| DXO |
|1.||Olympus PEN-F||Four Thirds||20.2||5184||3888||1080/60p||23.1||12.4||894||74|
|2.||Sony A99 II||Full Frame||42.2||7952||5304||4K/30p||25.4||13.4||2317||92|
|3.||Canon 5DS R||Full Frame||50.3||8688||5792||1080/30p||24.6||12.4||2308||86|
|4.||Nikon D850||Full Frame||45.4||8256||5504||4K/30p||26.4||14.8||2660||100|
|5.||Olympus E-M10 III||Four Thirds||15.9||4608||3456||4K/30p||..||..||..||..|
|6.||Olympus E-PL8||Four Thirds||15.9||4608||3456||1080/30p||..||..||..||..|
|7.||Olympus E-M5 II||Four Thirds||15.9||4608||3456||1080/60p||23.0||12.5||842||73|
|8.||Olympus E-M10 II||Four Thirds||15.9||4608||3456||1080/60p||23.1||12.5||842||73|
|9.||Olympus E-PL7||Four Thirds||15.9||4608||3456||1080/30p||22.7||12.4||873||72|
|10.||Olympus E-M1||Four Thirds||15.9||4608||3456||1080/30p||23.0||12.7||757||73|
|11.||Olympus E-P5||Four Thirds||15.9||4608||3456||1080/30p||22.8||12.4||895||72|
|12.||Olympus E-M5||Four Thirds||15.9||4608||3456||1080/60i||22.8||12.3||826||71|
|13.||Panasonic GX8||Four Thirds||20.2||5184||3888||4K/30p||23.5||12.6||806||75|
|14.||Panasonic GX7||Four Thirds||15.8||4592||3448||1080/60p||22.6||12.2||718||70|
|15.||Sony A7R II||Full Frame||42.2||7952||5304||4K/30p||26.0||13.9||3434||98|
|16.||Sony A7S II||Full Frame||12.0||4240||2832||4K/30p||23.6||13.3||2993||85|
|17.||Sony A99||Full Frame||24.0||6000||4000||1080/60p||25.0||14.0||1555||89|
Many modern cameras cannot only take still pictures, but also record videos. The two cameras under consideration both have sensors whose read-out speed is fast enough to capture moving pictures, but the A99 II provides a better video resolution than the PEN-F. It can shoot movie footage at 4K/30p, while the Olympus is limited to 1080/60p.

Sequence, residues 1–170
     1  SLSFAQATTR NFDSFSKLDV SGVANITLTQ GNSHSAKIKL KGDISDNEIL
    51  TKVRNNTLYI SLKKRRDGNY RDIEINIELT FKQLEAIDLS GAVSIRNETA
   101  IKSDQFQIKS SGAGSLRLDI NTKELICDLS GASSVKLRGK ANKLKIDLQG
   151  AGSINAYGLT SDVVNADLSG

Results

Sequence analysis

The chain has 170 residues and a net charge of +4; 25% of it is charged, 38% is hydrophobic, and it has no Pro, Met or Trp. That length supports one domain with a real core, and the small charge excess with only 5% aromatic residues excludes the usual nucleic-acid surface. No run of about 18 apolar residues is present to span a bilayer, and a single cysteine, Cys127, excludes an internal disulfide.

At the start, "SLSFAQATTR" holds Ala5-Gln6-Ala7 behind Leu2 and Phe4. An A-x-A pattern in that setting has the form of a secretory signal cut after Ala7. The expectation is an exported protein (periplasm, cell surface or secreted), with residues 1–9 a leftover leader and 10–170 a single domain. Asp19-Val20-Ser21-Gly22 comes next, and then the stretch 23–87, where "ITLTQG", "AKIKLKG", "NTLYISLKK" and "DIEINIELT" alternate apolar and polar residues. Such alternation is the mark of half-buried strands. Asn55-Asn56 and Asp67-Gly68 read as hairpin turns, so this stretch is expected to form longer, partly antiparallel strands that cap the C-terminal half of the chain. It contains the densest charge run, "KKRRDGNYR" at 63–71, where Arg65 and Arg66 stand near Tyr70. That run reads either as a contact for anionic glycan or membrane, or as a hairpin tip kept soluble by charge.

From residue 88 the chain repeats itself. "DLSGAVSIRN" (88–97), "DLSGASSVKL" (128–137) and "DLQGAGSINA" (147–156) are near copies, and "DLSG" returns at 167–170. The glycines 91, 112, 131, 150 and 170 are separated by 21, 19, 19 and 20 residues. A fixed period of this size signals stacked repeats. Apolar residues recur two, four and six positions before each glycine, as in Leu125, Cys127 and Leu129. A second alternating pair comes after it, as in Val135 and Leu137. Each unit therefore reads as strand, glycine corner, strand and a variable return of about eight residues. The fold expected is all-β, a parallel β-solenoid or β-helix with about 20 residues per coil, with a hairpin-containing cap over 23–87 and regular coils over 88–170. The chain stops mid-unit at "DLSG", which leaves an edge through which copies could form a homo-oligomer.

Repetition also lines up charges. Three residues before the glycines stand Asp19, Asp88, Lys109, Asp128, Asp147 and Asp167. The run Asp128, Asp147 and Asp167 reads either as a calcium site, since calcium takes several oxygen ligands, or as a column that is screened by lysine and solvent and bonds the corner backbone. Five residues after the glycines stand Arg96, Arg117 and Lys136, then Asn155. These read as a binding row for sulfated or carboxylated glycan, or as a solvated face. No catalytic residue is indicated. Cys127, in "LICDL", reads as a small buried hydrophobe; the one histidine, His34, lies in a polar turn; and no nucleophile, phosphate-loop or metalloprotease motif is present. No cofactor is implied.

Apart from body and sensor, cameras can and do differ across a range of features. The two cameras under review are similar with respect to both having an electronic viewfinder. However, the one in the A99 II offers a slightly higher resolution than the one in the PEN-F (2400k vs 2360k dots). The table below summarizes some of the other core capabilities of the Olympus PEN-F and Sony A99 II in connection with corresponding information for a sample of similar cameras.
|2.||Sony A99 II||2400||Y||3.0||1229||full-flex||n||1/8000s||12.0||n||Y|
|3.||Canon 5DS R||optical||Y||3.2||1040||fixed||n||1/8000s||5.0||n||n|
|5.||Olympus E-M10 III||2360||n||3.0||1040||tilting||Y||1/4000s||8.6||Y||Y|
|7.||Olympus E-M5 II||2360||n||3.0||1037||swivel||Y||1/8000s||10.0||n||Y|
|8.||Olympus E-M10 II||2360||n||3.0||1040||tilting||Y||1/4000s||8.0||Y||Y|
|15.||Sony A7R II||2400||n||3.0||1229||tilting||n||1/8000s||5.0||n||Y|
|16.||Sony A7S II||2400||n||3.0||1229||tilting||n||1/8000s||5.0||n||Y|
One differentiating feature between the two cameras concerns the touch sensitivity of the rear screen. The PEN-F has a touchscreen, while the A99 II has a conventional panel. Touch control can be particularly helpful, for example, for setting the focus point.Both cameras have an articulated rear screen that can be turned to be front-facing. This feature will be particularly appreciated by vloggers and photographers who are interested in taking selfies.
The reported shutter speed information refers to the use of the mechanical shutter. Yet, some cameras only have an electronic shutter, while others have an electronic shutter in addition to a mechanical one. In fact, the PEN-F is one of those camera that have an additional electronic shutter, which makes completely silent shooting possible. However, this mode is less suitable for photographing moving objects (risk of rolling shutter) or shooting under artificial light sources (risk of flickering).
The Olympus PEN-F has an intervalometer built-in. This enables the photographer to capture time lapse sequences, such as flower blooming, a sunset or moon rise, without purchasing an external camera trigger and related software.